This is from the era that Buckminster Fuller was busy with his domes and Jeffrey Burland Lindsay was manning Fuller's Research Institute in Montreal – 1948-53. It seems to me, because I am doing all this investigation into Lindsay, that this was a particularly exciting, open and boundless era for experimental work.
And yet, when Lindsay moved from Montreal to Los Angeles in 1953, it looked like this:
Harry Partch lived in Los Angeles, and later in Petaluma where Jeffrey Lindsay did a sun shelter out of a shallow space frame section of a dome: a magical telstar sort of thing on a pole. There is such a disjunction between the visionary structural work and musical experimentation of the time (this piece for example, and John Cage's 4'33 which was composed in 1952), and street culture, which appears to be still lodged in the Depression with desperate hitchhikers stuck in Barstow.
'Barstow', from The Wayward, for two voices, surrogate kithara, chromelodeon, diamond marimba & boo (1941-1955). The spoken parts are 'eight hitchhiker inscriptions from a highway railing at Barstow, California'.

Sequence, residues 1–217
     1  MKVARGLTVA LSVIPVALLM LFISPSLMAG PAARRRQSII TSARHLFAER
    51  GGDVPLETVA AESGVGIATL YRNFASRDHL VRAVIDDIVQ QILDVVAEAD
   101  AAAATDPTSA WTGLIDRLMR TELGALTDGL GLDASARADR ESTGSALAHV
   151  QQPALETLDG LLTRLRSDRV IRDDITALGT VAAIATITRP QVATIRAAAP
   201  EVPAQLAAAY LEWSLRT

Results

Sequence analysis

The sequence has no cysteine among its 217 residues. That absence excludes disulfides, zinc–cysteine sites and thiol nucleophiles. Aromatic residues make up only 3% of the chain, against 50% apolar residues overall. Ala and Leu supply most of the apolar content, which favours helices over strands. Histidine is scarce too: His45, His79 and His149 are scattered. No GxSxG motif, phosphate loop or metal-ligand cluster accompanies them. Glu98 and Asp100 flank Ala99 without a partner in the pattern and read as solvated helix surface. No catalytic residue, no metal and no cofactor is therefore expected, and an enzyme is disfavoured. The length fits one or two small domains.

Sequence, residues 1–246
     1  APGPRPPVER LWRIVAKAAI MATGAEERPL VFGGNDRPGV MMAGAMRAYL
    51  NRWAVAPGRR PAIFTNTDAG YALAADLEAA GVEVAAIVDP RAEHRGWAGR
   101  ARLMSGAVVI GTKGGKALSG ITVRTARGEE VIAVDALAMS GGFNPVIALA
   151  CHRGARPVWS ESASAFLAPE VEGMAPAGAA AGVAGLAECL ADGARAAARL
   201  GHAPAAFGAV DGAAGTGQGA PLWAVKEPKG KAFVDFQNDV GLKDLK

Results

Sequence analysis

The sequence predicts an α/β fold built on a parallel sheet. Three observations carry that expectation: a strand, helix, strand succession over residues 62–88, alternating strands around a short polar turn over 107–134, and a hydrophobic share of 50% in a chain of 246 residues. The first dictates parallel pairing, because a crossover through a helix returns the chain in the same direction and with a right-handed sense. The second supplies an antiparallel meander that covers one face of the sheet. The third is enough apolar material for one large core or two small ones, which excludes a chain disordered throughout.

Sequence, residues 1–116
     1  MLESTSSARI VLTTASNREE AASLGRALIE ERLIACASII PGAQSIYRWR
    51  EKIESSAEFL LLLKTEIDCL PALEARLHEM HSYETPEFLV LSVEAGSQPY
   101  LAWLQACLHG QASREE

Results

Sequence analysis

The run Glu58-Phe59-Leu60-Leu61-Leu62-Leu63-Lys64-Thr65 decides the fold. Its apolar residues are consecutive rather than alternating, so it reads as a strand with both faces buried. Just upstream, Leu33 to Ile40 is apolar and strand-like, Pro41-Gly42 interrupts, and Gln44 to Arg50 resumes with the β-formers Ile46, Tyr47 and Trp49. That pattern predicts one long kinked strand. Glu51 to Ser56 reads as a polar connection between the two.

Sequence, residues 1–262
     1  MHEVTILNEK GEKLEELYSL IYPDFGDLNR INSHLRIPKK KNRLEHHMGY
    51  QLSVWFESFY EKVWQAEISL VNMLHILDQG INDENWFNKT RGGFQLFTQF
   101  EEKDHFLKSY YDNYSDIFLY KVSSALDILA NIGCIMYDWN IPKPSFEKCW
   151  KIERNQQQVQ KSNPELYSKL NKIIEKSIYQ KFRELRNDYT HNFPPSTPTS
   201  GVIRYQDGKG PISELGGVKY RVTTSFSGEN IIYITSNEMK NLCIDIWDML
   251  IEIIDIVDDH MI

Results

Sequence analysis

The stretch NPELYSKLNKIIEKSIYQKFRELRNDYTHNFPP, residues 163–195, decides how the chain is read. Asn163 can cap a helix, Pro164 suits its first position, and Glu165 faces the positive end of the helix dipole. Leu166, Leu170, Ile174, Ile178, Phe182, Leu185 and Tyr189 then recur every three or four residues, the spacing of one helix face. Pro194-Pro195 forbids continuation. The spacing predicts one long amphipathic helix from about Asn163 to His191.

Part of the YouTube description: In late 1939, [Partch] went on a hitchhiking trip to take photos in the Southwestern deserts of California and Arizona. In the tough little Mojave Desert junction town of Barstow, California, in February 1941 while waiting for a lift, he noticed the following inscription on a highway railing:
It's January 26. I'm freezing.
Ed Fitzgerald. Age 19. Five feet, ten inches.
Black hair, brown eyes.
Going home to Boston, Massachusetts.
It's 4:00, and I'm hungry and broke.
I wish I was dead.
But today I am a man.